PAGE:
Tag: disabilities

This week on “The Learning Curve,” co-hosts Gerard Robinson and Cara Candal talk with Jennifer Laszlo Mizrahi, President of RespectAbility, a nonprofit organization advancing opportunities so 57 million Americans with a disability can fully participate in all aspects of community. She shares her personal story struggling with dyslexia and ADHD, and what drew her to this cause. She reviews the various kinds of disabilities that people live with, and the strides our society is making to integrate and accommodate disabled citizens into everyday life. She offers thoughts on how well K-12 education generally serves students with special needs, and improvements she would like to see. She discusses how disabilities contribute to students’ achievement gaps in schools and colleges, and what can be done to educate people about and help remediate this. They also explore how assistive technologies and artificial intelligence can be used to help people with disabilities, and the importance of showing students with disabilities examples of great historical figures, heroes, and celebrities with disabilities who were able to accomplish remarkable feats and overcome their challenges.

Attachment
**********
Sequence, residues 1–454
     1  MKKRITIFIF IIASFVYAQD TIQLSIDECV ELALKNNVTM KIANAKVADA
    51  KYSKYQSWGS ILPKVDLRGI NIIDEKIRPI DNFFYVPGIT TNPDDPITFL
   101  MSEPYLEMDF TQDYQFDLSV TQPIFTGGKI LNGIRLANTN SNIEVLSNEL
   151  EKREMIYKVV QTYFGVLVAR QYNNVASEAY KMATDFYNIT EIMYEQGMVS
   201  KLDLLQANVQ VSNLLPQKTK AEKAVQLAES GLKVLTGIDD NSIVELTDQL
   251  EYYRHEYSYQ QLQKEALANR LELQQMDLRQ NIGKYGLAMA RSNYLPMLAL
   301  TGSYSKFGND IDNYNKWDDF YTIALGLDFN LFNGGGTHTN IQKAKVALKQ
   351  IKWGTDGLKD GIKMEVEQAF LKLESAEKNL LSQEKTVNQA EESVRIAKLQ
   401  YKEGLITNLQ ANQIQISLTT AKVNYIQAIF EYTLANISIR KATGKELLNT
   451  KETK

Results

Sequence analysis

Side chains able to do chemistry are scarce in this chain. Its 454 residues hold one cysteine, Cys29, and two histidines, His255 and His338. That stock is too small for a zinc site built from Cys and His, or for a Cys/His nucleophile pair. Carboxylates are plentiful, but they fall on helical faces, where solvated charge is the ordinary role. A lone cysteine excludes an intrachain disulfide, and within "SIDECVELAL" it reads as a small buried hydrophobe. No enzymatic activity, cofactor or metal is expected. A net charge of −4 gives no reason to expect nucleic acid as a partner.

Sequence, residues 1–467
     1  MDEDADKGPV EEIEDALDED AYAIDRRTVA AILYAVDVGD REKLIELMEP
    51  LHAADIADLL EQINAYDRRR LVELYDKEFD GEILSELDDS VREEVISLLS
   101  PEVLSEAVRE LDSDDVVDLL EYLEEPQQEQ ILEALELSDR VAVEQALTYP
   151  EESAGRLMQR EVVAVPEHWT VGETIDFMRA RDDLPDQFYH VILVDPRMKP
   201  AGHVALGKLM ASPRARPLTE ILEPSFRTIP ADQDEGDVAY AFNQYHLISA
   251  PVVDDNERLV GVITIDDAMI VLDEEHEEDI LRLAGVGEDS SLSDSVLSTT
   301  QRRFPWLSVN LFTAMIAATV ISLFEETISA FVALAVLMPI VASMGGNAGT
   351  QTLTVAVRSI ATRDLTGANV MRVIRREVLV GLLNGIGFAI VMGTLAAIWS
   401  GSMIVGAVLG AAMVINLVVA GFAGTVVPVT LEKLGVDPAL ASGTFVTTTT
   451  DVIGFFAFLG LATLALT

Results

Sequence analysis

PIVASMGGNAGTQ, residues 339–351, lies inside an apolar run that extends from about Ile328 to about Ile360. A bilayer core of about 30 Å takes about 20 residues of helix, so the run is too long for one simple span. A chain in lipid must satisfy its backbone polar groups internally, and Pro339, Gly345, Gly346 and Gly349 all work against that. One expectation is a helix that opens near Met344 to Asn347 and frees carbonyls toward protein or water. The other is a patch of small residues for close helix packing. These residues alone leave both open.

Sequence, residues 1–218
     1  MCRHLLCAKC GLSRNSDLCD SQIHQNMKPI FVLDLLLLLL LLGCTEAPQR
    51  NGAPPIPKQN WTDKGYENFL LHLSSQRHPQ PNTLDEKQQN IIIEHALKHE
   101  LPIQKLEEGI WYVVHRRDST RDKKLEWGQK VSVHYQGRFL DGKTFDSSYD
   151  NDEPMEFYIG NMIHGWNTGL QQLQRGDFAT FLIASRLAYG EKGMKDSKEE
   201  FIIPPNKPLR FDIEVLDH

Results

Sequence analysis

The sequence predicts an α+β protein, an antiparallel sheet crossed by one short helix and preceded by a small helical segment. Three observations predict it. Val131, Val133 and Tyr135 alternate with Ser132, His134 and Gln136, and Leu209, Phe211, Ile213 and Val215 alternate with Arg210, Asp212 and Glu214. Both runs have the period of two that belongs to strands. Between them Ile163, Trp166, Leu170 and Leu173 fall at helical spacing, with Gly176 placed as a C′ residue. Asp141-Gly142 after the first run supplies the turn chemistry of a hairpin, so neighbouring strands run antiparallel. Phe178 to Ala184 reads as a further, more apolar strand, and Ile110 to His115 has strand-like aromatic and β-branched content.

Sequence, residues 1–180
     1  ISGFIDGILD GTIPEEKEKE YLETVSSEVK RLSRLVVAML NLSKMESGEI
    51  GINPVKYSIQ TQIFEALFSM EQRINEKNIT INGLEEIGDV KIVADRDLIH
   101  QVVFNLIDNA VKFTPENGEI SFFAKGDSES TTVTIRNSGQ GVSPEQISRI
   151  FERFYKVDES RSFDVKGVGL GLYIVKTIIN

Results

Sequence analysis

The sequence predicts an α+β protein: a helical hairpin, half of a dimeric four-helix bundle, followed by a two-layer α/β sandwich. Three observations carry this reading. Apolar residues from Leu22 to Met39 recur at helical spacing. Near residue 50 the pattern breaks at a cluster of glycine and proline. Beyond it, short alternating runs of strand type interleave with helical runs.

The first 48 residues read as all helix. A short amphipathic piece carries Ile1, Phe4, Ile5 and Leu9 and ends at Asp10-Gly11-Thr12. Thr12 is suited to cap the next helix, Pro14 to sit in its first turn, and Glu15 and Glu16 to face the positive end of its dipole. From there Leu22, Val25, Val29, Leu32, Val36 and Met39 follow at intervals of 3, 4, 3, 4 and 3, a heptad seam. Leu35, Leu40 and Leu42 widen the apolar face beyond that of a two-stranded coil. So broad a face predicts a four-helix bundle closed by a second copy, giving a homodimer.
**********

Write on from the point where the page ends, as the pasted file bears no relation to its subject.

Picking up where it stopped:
Stories of the Week: 50CAN’s Derrell Bradford connects the dots between election outcomes in New Jersey and Virginia and parents’ dissatisfaction with their children’s in-person learning time in those states. A Wittgenstein Centre report covered in EdNext shows just how significant a role educational advancement plays, especially among women, in raising the standard of living and civic engagement in developing countries.

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There is a terrific Wall Street Journal article today about the increasing number of people living with a disability who are entering the workforce. One man applied for more than 300 government jobs with no success before landing a job as a bartender near Gallaudet. Now he owns his own craft brewery. I am curious to […]

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Accommodating Autism at Disney Parks?


When parents learn that a child has autism, it may be both a relief to understand the source of the symptoms and alarming to consider how to cope with them. Children on the autistic spectrum can be challenging and unfamiliar situations can be especially difficult. For those reasons, I can understand why a parent would do everything possible to help their children adapt to situations that are beyond their usual day-to-day experiences.

But in spite of parents’ desires to help their autistic children, I believe the demands that are being made of the Disney Corporation are excessive and unreasonable.

Recently, a lawsuit against Disney was resurrected, stating that Disney had not made reasonable accommodations for customers with autism, who find it difficult to wait in long lines. In the original lawsuit, a summary judgment was issued for Walt Disney Parks and Resorts. A federal appeals court ruled that the “underlying issues” weren’t resolved and that the case had to go to trial: